Punch and Judy

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Wednesday 28 September 2016 10.32pm
Zoe wrote:
I've pondered this and I think it's because of the difference in setting and the figure of the devil being used. I don't have a problem with people doing a parody of Corbyn, but repeatedly suggesting he is the devil in a children's show in a way that frightened a child is probably going too far, particularly when that message is reinforced by the media.
There is also a difference between saying someone is a witch (though I think it's really sexist to call Thatcher a witch, she was an evil Tory but it's nothing to do with her being a woman) and saying someone is the devil.

When you compare the two figures, the devil is a universal character that represents the underworld and all that is evil, whereas a witch is a fairly benign figure. This is why it has to be qualified as a wicked witch, as opposed to the good witch of the north. You don't get the good devil of the north and the wicked devil, it's just the devil.

I also think that parents shouldn't have to expect a highly politicised Punch and Judy. There are often 'baddies' but it's universal figures rather than anything too extreme.


The good devil's God :)
Thursday 29 September 2016 7.02am
Wasn't Punch and Judy always political?
Thursday 29 September 2016 9.13am
Zoe, stop being so PC.
Witches are both male and female.
Thatcher was not just an evil Tory, she was truly wicked and worked her magic and spells in destroying the miners and did so with great gusto.
Wicked witch suits her most admirably.
Much as I admire Corbyn he is going to have to weather much larger storms than being Mr Punch.
Thursday 29 September 2016 12.34pm
Thebunhouse wrote:
stop being so PC.

Why?
Zoe
Thursday 29 September 2016 9.14pm
Yes, I don't see any reason to not be PC. Being PC is about respecting others and being polite and considerate, along with not being a bigot. What's so wrong with that.

Men are not called witches, it's used for women along with terms like old hag. I'm from a mining village and both sides of my family were miners. For us Thatcher was the enemy, but I still see no reason to be sexist about her.
Thursday 29 September 2016 10.57pm
Zoe wrote:
Yes, I don't see any reason to not be PC. Being PC is about respecting others and being polite and considerate, along with not being a bigot. What's so wrong with that.
Men are not called witches, it's used for women along with terms like old hag. I'm from a mining village and both sides of my family were miners. For us Thatcher was the enemy, but I still see no reason to be sexist about her.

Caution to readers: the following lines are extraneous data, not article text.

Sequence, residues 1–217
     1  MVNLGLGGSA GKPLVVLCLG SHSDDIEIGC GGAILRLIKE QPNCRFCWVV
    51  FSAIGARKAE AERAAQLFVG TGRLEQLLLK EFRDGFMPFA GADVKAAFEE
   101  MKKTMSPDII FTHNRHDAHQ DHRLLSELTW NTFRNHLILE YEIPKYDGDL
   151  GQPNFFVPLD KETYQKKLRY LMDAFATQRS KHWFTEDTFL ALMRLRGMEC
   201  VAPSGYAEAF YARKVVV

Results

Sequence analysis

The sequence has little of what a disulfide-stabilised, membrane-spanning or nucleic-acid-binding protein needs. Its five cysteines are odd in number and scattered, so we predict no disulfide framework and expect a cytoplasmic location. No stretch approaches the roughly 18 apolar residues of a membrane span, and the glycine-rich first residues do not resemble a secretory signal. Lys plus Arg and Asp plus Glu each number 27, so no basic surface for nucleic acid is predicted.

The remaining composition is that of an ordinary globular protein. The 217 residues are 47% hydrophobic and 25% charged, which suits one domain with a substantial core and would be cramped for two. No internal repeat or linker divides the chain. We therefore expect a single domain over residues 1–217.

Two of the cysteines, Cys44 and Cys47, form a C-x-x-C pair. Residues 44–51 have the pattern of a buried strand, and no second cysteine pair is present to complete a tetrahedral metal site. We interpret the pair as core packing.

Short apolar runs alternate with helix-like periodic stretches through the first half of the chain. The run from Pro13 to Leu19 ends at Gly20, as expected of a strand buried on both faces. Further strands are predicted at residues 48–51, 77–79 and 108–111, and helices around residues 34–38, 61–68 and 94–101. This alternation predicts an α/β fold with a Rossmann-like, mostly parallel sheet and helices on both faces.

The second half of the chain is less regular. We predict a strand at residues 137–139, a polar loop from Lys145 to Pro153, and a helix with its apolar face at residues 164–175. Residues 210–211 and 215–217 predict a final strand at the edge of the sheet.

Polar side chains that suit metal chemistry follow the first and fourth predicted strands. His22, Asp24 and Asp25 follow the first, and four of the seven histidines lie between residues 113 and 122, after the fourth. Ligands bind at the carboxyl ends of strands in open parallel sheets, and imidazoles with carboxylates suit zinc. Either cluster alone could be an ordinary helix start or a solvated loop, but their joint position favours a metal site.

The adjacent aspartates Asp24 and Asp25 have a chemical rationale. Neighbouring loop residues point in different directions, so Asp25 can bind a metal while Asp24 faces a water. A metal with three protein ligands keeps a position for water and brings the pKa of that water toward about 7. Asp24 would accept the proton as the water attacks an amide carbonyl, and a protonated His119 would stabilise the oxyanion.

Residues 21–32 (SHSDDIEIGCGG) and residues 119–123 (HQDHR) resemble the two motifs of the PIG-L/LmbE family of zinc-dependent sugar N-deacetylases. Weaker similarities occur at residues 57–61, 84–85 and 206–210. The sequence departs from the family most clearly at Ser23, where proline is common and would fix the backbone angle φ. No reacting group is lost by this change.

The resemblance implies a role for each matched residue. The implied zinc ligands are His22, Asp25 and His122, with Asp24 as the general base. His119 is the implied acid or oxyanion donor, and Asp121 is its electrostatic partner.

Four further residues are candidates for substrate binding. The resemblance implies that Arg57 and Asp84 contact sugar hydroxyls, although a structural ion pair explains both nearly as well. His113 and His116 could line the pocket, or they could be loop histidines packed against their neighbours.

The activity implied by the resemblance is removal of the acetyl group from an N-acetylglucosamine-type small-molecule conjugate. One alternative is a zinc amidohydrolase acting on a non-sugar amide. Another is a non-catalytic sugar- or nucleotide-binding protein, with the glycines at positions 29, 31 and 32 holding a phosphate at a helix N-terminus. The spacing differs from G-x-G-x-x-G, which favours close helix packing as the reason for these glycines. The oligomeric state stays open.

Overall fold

For quite some time, having an opinion on immigration was seen as bigoted and racist. Nothing wrong with PC when it's adopted correctly, you don't see kids with them dolls anymore and our jam is free from racist symbols. I mention them because they were two major points in my development as a kid.

PC can be used and abused though.

Anyway, Thatcher was an old battle axe...oh
Friday 30 September 2016 8.35am
To get back to Punch and Judy - there's a long tradition of children's entertainers including a few references or jokes to appeal to any adults present. They're supposed to go straight over the kiddies' heads and set the adults laughing. I've no idea what the context was in this particular show, but the performer seems to have misjudged it - it seems to have frightened (some of) the children, and offended (some of) the adults.

Punch is inherently anti-establishment, and totally non-PC himself. He throws the baby out of the window, beats his wife, defies the law (embodied in the policeman, the judge and the hangman) and even outwits the Devil himself to avoid retribution. (Not sure where the crocodile comes in.)

Corbyn can surely only be perceived as a 'red Devil' by the old Blairite Labour Party establishment - so by identifying him with the Devil, this Punch and Judy performer was supporting the establishment view - totally inappropriate in the context of the show!

From Wikipedia - this is what Charles Dickens said about it:
'In my opinion the street Punch is one of those extravagant reliefs from the realities of life which would lose its hold upon the people if it were made moral and instructive. I regard it as quite harmless in its influence, and as an outrageous joke which no one in existence would think of regarding as an incentive to any kind of action or as a model for any kind of conduct. It is possible, I think, that one secret source of pleasure very generally derived from this performance… is the satisfaction the spectator feels in the circumstance that likenesses of men and women can be so knocked about, without any pain or suffering.'

Actually, what about Nigel Farage as the Devil (Punch is a European immigrant, after all) and Jeremy Corbyn as the crocodile, attempting to seize Punch's ill-gotten profits (the sausages) for the public benefit?
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